A very decorative pair of open armchairs of curule form, parcel-gilt and black painted to simulate patinated bronze, in the style of Jean-Joseph Chapuis (1765–1864)
Why we like them
A splendid example of the turn of the 19th century design, inspired by the Classical Antiquity. Decorated in the exotic ‘Etruscan’ style to simulate patinated bronze, with their dramatically exaggerated curves, evoking the ancient Roman sella curulis – the ultimate symbol of power, these chairs certainly stand out.
Virtually identical armchairs (painted white) were supplied by Chapuis to the Royal Palace at Laeken, near Brussels, around 1805. One of them was sold by Phillips, London, 29 April 2014, lot 305 (£31,250). Another identical chair, from the collection of Pierre Berge was sold Sotheby’s Paris, 30 October 2018, lot 338 (€8,125).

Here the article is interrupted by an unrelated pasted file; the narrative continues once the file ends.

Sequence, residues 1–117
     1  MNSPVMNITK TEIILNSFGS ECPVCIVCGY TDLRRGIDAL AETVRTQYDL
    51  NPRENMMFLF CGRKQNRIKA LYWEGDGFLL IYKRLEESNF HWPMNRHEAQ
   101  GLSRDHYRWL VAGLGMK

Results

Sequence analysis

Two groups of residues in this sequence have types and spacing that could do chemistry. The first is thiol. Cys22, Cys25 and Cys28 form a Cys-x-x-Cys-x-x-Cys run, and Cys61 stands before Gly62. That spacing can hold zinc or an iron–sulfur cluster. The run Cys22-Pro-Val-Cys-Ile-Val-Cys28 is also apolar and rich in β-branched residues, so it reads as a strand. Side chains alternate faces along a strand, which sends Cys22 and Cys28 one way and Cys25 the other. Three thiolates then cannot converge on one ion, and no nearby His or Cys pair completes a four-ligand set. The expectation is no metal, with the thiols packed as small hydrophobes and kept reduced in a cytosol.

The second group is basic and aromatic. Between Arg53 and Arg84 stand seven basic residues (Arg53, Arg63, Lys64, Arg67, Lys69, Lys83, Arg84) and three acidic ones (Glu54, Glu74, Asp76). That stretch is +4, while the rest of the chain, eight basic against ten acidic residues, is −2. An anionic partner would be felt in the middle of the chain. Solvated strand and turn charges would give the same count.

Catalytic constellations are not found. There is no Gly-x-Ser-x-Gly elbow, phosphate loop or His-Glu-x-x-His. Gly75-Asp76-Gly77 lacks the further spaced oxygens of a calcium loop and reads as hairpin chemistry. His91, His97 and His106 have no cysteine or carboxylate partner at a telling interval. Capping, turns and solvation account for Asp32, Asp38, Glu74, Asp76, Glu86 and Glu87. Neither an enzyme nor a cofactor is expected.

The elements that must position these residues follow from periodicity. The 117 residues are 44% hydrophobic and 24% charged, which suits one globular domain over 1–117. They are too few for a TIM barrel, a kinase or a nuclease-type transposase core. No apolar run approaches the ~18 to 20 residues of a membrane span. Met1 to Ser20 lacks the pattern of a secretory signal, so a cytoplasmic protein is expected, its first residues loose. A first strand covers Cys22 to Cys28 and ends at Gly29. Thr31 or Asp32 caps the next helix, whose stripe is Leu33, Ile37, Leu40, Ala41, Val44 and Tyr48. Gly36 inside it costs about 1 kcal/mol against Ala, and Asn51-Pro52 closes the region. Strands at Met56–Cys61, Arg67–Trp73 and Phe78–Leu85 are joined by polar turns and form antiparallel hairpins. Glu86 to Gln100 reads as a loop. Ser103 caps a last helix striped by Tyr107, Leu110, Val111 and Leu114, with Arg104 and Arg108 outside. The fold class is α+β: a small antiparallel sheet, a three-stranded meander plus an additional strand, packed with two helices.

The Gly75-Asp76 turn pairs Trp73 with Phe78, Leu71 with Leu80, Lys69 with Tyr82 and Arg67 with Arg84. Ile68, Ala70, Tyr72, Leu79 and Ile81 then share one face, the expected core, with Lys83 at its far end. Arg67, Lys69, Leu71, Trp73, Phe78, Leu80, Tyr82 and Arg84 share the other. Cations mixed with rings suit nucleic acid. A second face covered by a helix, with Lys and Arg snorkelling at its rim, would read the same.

Jean-Joseph Chapuis was an important Belgian furniture designer who was active mainly in the first half of the nineteenth century and has since become a well-known figure in studies of design history that trace the development of modernism to the turn of the nineteenth century. The present design is often cited as an important early example of the use of laminated bentwood in furniture. Examples of this model are in the collections of the Victoria and Albert Museum, London (stamped Chapuis), the Carnegie Museum of Art, Pittsburgh, The Minneapolis Institute of Art, Rhode Island School of Design Museum, Providence, Neue Sammlung, Munich and Vitra Design Museum, Weil am Rhein.